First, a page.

Canterbury’s $3m training track surprises everyone, especially the locals

Tristan Rayner Editor

By , Tristan Rayner is a Roar Editor

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    Canterbury Racecourse. (Image: J Bar/Wikimedia Commons CC BY-SA 3.0)

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    Canterbury gets a $3 million synthetic track no one asked for, Caravaggio was beaten, and one or two at Newcastle catch the eye.

    First to Canterbury where the Australian Turf Club announced a fast-tracking of a Polytrack training surface, a 1300m stretch designed to mirror European conditions and training tracks.

    It all came a little bit out of the blue, and the $3 million is easily the most spent by the ATC in decades at Canterbury.

    The thing is, no one trains at Canterbury currently. While some comments were made that the surface could be used once or twice a month for better horses from local trainers, there’s really no hiding that the investment is to attract internationals, where Canterbury is to be used for quarantine.

    It’s a $2307 per metre incentive for internationals, and appears fast-tracked to at least sweeten the deal for Irish sprinter Caravaggio for the Everest race.

    The Aidan O’Brien-trained colt Caravaggio was unbeaten until the weekend, where he finished a fairly meek fourth in the Group 1 July Cup. Godolphin’s Harry Angel turned the tables to win that race, holding off Caravaggio who came from the back on the tough Newmarket course to be around two lengths off the winner.

    The tagline of unbeaten certainly had a nice ring to it and a win was supposed to book him a ticket to Australia, but it’s still on the cards according to Coolmore.

    All of this comes in the same week club chairman Laurie Macri confirmed to Fairfax that the ATC was willing to rezone the racecourse, with at least half an eye looking selling it off completely.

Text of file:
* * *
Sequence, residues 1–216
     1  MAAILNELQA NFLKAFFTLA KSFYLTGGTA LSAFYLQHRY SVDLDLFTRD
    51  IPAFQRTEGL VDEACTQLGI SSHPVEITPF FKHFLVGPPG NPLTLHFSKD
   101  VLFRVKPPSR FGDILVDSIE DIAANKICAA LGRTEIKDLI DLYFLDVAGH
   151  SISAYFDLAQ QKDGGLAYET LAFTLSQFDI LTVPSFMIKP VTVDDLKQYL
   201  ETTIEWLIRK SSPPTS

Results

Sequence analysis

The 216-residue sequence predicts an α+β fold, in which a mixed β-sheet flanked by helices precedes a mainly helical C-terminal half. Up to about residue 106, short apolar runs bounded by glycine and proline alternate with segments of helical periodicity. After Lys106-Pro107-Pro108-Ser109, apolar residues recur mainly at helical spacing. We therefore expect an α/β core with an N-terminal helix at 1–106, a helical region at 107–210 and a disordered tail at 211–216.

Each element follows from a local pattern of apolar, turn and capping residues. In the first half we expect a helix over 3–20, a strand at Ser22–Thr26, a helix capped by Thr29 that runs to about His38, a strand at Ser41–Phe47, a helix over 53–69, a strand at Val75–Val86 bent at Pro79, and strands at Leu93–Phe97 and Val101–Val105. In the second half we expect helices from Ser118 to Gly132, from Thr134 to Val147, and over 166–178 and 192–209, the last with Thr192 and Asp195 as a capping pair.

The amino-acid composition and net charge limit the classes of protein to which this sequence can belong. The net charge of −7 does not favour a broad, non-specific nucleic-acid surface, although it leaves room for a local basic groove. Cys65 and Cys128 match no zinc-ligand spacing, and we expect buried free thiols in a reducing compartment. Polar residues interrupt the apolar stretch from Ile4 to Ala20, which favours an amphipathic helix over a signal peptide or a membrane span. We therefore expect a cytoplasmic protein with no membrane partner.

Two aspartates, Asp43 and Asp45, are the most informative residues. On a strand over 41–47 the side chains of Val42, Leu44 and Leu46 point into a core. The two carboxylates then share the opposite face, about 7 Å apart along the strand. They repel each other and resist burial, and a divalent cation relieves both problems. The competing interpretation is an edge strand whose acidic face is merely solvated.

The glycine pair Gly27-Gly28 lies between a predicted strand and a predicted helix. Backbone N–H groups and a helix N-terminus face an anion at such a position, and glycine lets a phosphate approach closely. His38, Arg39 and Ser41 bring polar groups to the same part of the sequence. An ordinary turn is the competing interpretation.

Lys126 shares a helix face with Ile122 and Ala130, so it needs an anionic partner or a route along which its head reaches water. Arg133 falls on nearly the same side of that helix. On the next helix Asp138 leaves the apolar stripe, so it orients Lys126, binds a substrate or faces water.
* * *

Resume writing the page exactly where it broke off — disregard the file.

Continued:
Macri justified both the new surface and the re-zoning through the following comments:

    “The plan is to make the most of our racing asset and the club remains committed to racing at Canterbury, but also we have a chance to future-proof our investment by rezoning,” Mr Macri said.

    “We are a race club, but Canterbury is an asset, which we want to make the most of.”

    Spending $3m on a Polytrack for some international horses while also considering how much money could be made from putting up 18-storey apartments on that same track seems to be slightly at odds. Hopefully I’ve misunderstood exactly what’s happening.

    The problem is the ATC haven’t been on the front foot with this announcement. Four-time Golden Slipper-winning trainer, Clarry Conners, who is based at Warwick Farm, gave the ATC a blast for how neglected Warwick Farm continues to be in the meantime, with the line “it’s going to be used for five weeks by two horses.”

    The push for internationals continues by the ATC and the reasoning you have to come up with by yourself. Few would doubt that having the best in the world come down under would be a good thing, but when investments are made in that area in front of the locals, you’d expect the decisions to come under scrutiny.

    If the ATC want to become the international racing capital of the world, they need to express that as their plan and get all stakeholders on board.

    Newcastle race might hold a key for the spring
    A winter maiden is a funny race to find a horse to follow – but a race at Newcastle caught the eye on Saturday.

    A two-year old Maiden Handicap (1200m) saw a big go on Peter and Paul Snowden’s first-starter, Smartedge. The son of Smart Missle caught the eye in trials back in March before being put away again.

    After jumping fairly, Smartedge overraced badly mid-race before settling and looking the winner coming down the outside with 250m to go, but Chris Waller’s D’Argento came very late to grab the race on the line.

    D’Argento, a first starter for sire So You Think, also powered through a check in the first part of the race, not seen by the racecaller.

    These races don’t always mean much but both horses have pedigree and will look to contest decent three-year-old races in the spring to come.

    Catch the full replay of that race here.

    Tristan Rayner
    Tristan Rayner

    Tristan is a writer, consultant, racing enthusiast and former Editor of The Roar who has turned the Melbourne Cup into a year-round study via racingtalk.com.au.